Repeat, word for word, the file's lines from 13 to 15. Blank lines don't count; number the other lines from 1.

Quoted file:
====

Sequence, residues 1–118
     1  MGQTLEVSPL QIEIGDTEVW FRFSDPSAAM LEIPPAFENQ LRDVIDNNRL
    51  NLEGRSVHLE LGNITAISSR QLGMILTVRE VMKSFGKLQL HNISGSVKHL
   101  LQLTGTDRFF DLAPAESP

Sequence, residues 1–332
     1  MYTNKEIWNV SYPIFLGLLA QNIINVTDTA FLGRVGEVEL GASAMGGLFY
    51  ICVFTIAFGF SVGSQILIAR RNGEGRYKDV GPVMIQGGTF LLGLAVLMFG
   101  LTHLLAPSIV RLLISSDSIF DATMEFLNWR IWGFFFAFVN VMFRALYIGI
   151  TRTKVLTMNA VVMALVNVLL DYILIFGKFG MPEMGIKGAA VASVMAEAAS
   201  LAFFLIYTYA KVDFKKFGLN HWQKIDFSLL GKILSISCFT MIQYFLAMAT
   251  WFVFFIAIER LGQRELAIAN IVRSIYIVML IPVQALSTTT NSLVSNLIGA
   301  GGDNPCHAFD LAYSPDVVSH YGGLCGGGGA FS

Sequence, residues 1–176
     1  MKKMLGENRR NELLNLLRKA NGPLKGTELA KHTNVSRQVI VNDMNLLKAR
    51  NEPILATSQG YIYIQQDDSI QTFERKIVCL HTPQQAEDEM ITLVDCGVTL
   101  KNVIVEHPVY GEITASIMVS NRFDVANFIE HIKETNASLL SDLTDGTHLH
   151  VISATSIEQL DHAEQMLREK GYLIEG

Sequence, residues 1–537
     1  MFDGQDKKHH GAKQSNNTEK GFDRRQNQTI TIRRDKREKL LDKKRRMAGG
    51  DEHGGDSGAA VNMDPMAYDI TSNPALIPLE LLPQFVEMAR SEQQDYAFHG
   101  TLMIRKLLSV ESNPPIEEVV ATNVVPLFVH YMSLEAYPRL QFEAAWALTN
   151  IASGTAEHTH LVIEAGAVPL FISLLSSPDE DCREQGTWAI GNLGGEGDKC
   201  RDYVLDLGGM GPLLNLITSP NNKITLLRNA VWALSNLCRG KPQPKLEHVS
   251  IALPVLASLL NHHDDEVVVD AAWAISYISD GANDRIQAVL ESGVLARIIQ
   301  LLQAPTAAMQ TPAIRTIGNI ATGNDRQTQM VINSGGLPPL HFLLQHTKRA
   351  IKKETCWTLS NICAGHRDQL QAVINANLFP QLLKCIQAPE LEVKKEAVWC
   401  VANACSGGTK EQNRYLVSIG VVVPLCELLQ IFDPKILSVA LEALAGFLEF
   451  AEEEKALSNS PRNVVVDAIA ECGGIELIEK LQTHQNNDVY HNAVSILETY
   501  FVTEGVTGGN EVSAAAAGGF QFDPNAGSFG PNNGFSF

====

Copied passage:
Sequence, residues 1–176
     1  MKKMLGENRR NELLNLLRKA NGPLKGTELA KHTNVSRQVI VNDMNLLKAR
    51  NEPILATSQG YIYIQQDDSI QTFERKIVCL HTPQQAEDEM ITLVDCGVTL